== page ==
Supramolecular chemistry is the study of entities of greater complexity than individual molecules — assemblies of molecules that bond and organize through intermolecular interactions. The objects studied in supramolecular chemistry are supermolecules and other polymolecular entities that result from the spontaneous association of a large number of components into a specific phase (membranes, vesicles, micelles, solid state structures, etc).
A buckyball, also known as buckminsterfullerene or fullerene, is a large molecule made of carbon atoms arranged in the form of a convex polyhedral cage.
A carbon nanotube, also known as a buckytube, is a cylindrical carbon molecule that belongs to the fullerene structural family.
Fullerene is a third form of carbon, after diamond and graphite. Its molecules may be roughly spherical in shape, in which case they are known as buckyballs, or tubular in shape, in which case they are known as carbon nanotubes. Fullerene, also known as buckminsterfullerene, is named after the American architect whose geodesic domes the molecules resemble.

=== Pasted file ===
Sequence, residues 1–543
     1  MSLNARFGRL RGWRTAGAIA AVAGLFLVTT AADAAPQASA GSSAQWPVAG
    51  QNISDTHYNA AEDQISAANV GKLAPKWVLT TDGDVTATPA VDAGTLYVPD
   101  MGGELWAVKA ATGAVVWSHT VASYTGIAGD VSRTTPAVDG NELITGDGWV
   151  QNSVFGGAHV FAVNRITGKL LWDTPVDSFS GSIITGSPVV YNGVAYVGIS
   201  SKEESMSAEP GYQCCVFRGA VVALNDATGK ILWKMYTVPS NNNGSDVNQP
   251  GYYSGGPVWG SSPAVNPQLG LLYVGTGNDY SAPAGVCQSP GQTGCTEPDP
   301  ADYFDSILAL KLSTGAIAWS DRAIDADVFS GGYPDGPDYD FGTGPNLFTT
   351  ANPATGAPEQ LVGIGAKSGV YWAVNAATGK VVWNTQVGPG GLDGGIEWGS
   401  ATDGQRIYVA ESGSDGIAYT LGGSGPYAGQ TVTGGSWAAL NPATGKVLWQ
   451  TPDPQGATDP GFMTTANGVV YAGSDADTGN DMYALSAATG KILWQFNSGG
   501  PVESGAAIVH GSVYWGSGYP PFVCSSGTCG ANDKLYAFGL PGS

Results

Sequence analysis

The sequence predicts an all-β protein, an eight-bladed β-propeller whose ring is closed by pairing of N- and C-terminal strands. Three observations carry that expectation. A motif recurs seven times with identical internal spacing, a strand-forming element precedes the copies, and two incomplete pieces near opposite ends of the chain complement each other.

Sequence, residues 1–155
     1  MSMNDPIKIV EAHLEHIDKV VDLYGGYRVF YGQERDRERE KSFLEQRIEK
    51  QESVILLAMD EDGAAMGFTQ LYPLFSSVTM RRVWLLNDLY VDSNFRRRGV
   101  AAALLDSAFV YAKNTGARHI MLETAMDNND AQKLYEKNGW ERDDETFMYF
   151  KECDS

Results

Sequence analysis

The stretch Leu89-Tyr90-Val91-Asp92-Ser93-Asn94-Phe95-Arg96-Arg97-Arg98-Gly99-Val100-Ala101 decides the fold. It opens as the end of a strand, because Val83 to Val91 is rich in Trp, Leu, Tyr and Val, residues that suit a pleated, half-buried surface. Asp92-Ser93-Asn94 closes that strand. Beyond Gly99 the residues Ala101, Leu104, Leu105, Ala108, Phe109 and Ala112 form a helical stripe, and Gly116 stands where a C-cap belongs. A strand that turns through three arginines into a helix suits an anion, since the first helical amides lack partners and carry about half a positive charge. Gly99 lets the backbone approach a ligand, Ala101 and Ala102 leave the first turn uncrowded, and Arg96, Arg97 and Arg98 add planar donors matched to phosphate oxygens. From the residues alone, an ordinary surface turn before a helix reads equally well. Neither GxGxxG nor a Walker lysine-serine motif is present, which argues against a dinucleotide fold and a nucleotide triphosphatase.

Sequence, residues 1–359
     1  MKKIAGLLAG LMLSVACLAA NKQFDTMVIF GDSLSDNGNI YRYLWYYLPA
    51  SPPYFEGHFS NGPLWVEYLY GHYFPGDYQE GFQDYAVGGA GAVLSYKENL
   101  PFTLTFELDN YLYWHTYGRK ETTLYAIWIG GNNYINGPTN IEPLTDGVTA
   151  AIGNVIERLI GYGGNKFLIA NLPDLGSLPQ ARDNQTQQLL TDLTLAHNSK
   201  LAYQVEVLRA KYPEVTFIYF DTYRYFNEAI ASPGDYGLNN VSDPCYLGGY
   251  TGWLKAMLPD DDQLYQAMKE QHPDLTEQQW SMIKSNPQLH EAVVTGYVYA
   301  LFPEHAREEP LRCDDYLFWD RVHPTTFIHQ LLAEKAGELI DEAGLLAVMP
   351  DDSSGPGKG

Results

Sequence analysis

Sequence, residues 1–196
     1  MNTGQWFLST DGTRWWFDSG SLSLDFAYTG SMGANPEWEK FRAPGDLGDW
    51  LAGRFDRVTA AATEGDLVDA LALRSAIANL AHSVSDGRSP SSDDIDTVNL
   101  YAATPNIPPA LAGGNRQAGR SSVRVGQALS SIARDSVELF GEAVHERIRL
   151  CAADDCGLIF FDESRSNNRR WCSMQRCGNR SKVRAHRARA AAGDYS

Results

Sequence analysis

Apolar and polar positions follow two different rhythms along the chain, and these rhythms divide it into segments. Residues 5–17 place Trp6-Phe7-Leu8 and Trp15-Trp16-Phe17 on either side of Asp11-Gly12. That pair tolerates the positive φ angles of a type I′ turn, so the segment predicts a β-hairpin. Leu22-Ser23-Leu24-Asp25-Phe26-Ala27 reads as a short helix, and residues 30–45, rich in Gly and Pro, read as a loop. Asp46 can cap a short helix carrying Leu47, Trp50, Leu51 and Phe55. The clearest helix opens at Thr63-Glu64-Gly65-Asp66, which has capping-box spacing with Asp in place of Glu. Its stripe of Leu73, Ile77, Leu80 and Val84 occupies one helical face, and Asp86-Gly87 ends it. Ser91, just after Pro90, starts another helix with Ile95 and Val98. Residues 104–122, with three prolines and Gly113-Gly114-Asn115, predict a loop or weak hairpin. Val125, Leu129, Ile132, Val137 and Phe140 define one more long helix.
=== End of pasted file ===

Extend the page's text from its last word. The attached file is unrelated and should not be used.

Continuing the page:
An intercalation compound is a compound formed when a guest molecule, atom, or ion is inserted into cavities or other spaces, particularly between layers, in a host compound, resulting in little change of structure in the host compound. For example, graphite intercalation compounds consist of (largely intact) graphite layers with guest molecules or atoms are located in between.
A supermolecule is a discrete oligomolecular species that results from the intermolecular association of its components.